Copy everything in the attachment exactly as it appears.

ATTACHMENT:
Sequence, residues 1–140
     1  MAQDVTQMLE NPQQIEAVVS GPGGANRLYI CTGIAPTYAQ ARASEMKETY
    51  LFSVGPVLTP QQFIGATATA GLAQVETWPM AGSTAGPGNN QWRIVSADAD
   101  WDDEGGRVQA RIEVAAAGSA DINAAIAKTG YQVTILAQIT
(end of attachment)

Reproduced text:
Sequence, residues 1–140
     1  MAQDVTQMLE NPQQIEAVVS GPGGANRLYI CTGIAPTYAQ ARASEMKETY
    51  LFSVGPVLTP QQFIGATATA GLAQVETWPM AGSTAGPGNN QWRIVSADAD
   101  WDDEGGRVQA RIEVAAAGSA DINAAIAKTG YQVTILAQIT